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Year : 2017  |  Volume : 11  |  Issue : 4  |  Page : 859-863

“Comparison of nalbuphine hydrochloride and fentanyl as an adjuvant to bupivacaine for spinal anesthesia in lower abdominal surgeries:” A randomized, double-blind study

1 Department of Anaesthesiology, Mandya Institute of Medical Sciences, Mandya, Karnataka, India
2 Department of Pharmacology, Mandya Institute of Medical Sciences, Mandya, Karnataka, India

Correspondence Address:
Archana B Narayanappa
Department of Anaesthesiology, Mandya Institute of Medical Sciences, Mandya, Karnataka
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Source of Support: None, Conflict of Interest: None

DOI: 10.4103/aer.AER_40_17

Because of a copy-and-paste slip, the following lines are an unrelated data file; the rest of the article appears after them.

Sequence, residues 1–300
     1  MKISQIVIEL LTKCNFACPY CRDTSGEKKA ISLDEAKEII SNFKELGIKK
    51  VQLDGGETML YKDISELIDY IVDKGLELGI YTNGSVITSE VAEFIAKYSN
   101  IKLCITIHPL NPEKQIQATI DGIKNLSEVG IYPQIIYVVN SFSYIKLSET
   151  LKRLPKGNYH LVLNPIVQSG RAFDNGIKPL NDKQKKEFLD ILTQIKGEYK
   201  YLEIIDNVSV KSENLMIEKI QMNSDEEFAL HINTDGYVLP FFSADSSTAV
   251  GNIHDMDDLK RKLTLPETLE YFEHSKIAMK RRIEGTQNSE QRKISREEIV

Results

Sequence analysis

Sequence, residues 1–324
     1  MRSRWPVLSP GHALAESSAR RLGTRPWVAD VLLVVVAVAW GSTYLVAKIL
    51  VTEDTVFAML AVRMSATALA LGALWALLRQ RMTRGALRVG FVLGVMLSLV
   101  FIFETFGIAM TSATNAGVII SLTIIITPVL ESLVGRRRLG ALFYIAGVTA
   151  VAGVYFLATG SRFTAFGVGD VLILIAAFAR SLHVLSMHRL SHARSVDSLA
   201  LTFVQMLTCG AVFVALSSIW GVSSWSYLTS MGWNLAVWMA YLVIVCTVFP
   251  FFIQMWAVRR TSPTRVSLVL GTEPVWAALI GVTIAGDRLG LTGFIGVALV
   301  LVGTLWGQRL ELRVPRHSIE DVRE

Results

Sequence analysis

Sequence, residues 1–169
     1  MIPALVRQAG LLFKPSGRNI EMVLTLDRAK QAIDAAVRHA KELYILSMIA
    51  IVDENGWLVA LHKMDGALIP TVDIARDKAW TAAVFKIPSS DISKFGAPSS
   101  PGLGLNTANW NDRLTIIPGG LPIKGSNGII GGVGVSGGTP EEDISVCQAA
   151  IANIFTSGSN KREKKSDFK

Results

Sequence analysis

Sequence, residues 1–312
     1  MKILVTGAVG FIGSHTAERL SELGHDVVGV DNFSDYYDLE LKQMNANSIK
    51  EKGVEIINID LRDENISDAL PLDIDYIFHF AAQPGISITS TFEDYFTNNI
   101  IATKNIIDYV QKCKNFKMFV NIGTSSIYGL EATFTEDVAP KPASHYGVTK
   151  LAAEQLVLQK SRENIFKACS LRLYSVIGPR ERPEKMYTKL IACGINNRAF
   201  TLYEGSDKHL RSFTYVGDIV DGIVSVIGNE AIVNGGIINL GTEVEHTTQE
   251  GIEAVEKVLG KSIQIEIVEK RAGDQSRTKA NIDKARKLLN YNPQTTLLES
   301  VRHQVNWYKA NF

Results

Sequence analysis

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Background and Aims: Opioids have been favored as adjuvants to local anesthetics during spinal anesthesia. Nalbuphine, a μ-receptor antagonist and ĸ-receptor agonist, seems to be a suitable adjuvant to local anesthetics. The aim of this study was to compare postoperative analgesia and adverse effects of nalbuphine and fentanyl when used as an adjuvant to hyperbaric bupivacaine during spinal anesthesia. Materials and Methods: Sixty patients belonging to the American Society of Anesthesiologists Physical Status I and II were randomly allocated into two groups of thirty each. Patients in bupivacaine nalbuphine group (Group BN) received 0.8 mg (0.3 ml) of nalbuphine with 12.5 mg (2.5 ml) of 0.5% hyperbaric bupivacaine diluted to 3 ml and bupivacaine-fentanyl group (Group BF) received 25 μg (0.5 ml) of fentanyl with 12.5 mg (2.5 ml) of 0.5% hyperbaric bupivacaine. Patients were assessed for hemodynamic changes, sensory and motor block, early postoperative analgesia, and adverse effects. Results: Onset, duration of sensory and motor block, and duration of effective analgesia were comparable between both groups. Postoperative visual analog scale score was 4.8 ± 1.12 in Group BN, and in Group BF, it was 3.86 ± 1.04 which was statistically highly significant (P = 0.0007). The number of patients demanding rescue analgesia in early postoperative period was 18 (60.0%) in Group BN and 7 (23.33%) in Group BF which was statistically significant (P = 0.004). Conclusion: Fentanyl was more efficient than nalbuphine in providing early postoperative analgesia when used as an adjuvant to hyperbaric bupivacaine.

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